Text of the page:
Double Trouble

 

At the 1984 Summer Olympics in Los Angeles, California, track and field athlete Madeline de Jesús, representing Puerto Rico, managed to hurt herself on the long jump. Her twin sister Margaret de Jesús, who happened to be in the area at the right time, figured it would be beneficial to her quest for Olympic gold if she took her spot in the qualifying heat. The switch took place, and the team advanced. All good things came to an end when the coach found out about the swap. Angered with the situation, he pulled the entire team out of the final.

Marion Jones Stripped Of Medals

 

At the 2000 Summer Olympics in Sydney, Australia, American athlete Marion Jones won three gold medals and two bronze medals. Everything was going great for her, but the Los Angeles, California native was hiding something. In 2007, she admitted to lying to federal agents about taking steroids before heading to the Olympics. She was sentenced to spend six months in jail, and she was stripped of all five Olympic medals. After being released from jail on September 5, 2008, Jones signed with the Tulsa Shock nearly two years later. She would play with them for one season before being waived on July 21, 2011.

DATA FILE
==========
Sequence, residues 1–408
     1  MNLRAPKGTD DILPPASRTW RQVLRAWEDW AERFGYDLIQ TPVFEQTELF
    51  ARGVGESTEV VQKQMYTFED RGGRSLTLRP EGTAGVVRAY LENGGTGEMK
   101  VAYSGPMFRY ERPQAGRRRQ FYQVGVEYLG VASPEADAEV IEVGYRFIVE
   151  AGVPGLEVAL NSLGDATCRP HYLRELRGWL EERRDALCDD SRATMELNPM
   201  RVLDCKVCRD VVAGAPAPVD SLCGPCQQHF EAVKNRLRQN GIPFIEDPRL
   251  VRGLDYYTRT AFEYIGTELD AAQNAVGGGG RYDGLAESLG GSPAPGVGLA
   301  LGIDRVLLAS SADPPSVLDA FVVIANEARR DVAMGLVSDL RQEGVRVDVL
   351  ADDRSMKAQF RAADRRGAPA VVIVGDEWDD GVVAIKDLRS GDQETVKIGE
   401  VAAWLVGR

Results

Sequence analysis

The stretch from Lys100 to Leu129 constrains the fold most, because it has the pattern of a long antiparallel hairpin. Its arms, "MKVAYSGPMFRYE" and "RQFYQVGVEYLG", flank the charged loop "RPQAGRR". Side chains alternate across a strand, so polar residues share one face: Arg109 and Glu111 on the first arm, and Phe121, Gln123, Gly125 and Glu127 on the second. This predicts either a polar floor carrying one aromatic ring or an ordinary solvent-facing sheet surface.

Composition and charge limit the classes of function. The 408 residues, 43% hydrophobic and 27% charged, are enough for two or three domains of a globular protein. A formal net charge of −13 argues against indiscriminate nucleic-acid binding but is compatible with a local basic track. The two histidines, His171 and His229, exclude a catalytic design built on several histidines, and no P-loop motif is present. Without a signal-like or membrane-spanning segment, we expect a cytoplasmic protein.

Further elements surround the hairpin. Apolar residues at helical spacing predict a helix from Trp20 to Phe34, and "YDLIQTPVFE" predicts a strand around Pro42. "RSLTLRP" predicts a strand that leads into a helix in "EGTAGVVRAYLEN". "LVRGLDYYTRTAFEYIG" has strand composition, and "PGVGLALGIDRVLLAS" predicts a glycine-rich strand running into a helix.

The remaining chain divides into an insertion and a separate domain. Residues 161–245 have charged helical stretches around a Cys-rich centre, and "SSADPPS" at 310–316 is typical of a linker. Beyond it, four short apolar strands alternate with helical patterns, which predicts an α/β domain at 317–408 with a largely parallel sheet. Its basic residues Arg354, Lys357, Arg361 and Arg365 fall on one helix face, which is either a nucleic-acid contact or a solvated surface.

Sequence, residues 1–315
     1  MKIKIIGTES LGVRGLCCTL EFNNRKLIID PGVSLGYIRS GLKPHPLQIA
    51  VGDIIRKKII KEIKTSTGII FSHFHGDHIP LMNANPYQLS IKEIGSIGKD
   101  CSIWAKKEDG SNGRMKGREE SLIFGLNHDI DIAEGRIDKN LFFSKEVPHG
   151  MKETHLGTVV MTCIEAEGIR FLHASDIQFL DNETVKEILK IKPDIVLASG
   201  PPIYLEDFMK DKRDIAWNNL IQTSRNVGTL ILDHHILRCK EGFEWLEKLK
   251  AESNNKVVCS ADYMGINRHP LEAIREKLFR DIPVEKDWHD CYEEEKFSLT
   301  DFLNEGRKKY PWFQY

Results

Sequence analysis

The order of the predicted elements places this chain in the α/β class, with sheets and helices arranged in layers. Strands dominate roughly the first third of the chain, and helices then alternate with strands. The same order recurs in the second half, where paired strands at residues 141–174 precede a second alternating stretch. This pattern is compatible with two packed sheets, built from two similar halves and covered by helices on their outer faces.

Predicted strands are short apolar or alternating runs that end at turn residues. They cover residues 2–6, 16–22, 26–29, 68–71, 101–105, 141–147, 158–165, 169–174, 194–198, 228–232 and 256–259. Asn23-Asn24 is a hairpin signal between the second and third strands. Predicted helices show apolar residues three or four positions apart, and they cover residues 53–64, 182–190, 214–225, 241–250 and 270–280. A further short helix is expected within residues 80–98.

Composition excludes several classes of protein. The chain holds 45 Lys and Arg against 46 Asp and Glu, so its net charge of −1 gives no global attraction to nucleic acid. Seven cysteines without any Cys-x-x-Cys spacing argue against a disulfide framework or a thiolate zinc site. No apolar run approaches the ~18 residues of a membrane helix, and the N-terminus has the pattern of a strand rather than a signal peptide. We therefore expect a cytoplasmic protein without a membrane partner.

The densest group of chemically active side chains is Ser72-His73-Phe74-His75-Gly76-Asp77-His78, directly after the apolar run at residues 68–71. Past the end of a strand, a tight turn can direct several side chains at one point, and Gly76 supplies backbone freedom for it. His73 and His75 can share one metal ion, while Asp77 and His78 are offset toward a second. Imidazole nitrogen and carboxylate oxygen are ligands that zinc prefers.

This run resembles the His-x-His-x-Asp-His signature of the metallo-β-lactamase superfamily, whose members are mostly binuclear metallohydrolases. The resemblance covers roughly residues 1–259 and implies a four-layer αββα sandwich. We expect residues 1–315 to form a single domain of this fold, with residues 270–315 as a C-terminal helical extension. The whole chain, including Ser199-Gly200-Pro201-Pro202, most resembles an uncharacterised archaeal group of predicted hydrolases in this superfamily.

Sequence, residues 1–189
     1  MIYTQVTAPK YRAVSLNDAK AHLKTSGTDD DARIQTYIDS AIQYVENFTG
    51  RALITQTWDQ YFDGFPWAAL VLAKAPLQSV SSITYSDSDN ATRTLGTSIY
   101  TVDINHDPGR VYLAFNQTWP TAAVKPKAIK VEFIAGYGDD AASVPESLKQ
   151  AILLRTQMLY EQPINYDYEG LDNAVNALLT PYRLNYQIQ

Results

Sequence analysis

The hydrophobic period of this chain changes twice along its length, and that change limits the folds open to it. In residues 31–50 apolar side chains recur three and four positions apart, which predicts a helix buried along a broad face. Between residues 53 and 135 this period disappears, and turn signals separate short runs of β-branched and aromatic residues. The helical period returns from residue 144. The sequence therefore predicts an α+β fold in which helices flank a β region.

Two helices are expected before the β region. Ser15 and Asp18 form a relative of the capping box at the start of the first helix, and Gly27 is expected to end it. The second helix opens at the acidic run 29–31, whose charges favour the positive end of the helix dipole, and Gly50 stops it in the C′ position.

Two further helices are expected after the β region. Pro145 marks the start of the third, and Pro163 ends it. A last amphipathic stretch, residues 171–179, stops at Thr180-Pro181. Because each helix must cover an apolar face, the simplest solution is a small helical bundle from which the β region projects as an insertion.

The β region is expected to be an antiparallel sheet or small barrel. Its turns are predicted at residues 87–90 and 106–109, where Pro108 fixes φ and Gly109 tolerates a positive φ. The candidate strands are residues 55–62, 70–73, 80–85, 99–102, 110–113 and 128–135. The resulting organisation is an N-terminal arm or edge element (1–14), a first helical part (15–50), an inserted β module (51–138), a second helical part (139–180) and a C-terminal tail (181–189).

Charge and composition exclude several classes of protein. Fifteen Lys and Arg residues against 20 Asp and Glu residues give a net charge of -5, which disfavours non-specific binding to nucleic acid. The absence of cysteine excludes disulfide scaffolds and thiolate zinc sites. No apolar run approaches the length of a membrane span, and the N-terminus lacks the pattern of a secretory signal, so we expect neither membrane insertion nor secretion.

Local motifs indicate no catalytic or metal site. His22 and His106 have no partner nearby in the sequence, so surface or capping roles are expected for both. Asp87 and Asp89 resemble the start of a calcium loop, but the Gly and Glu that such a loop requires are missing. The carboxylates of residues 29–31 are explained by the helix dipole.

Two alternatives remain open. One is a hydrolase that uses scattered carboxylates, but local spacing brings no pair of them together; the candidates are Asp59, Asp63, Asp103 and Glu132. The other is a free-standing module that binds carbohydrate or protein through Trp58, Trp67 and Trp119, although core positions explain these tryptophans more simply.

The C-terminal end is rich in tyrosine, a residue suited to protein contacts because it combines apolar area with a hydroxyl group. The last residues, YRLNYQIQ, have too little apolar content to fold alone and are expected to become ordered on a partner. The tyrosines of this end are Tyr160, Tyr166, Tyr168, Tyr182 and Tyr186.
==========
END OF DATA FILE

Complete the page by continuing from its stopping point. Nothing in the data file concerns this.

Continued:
One Blade Backflip

 

French figure skater Surya Bonaly won numerous medals at competitions such as the European Championships and World Junior Championships before making her way to the 1998 Winter Olympics in Nagano, Japan. When she couldn’t do her routine properly because of an injury, she decided to go all out with a backflip landing on one blade. The move is very illegal to do in competition, and the judges deducted points from her score. Bonaly wasn’t upset with the overall score, which had her finishing in 10th place. She became the first (and only) person to accomplish the one footed backflip. She would retire from competition after the event.

2002 Winter Olympic Bid Scandal

 

Before Salt Lake City got to host the 2002 Winter Olympics, they tried four other times and saw failure. Things were looking bright when they were announced as the host back in 1995, but a few years later, reports of members from the International Olympic Committee taking bribes from Salt Lake Organizing Committee members co-heads Tom Welch and Dave Johnson began to surface. Many people were forced to resign because of this scandal. Future presidential nominee Mitt Romney was hired as the new CEO of the SLOC, and he helped raise money to help rescue the games from the situation.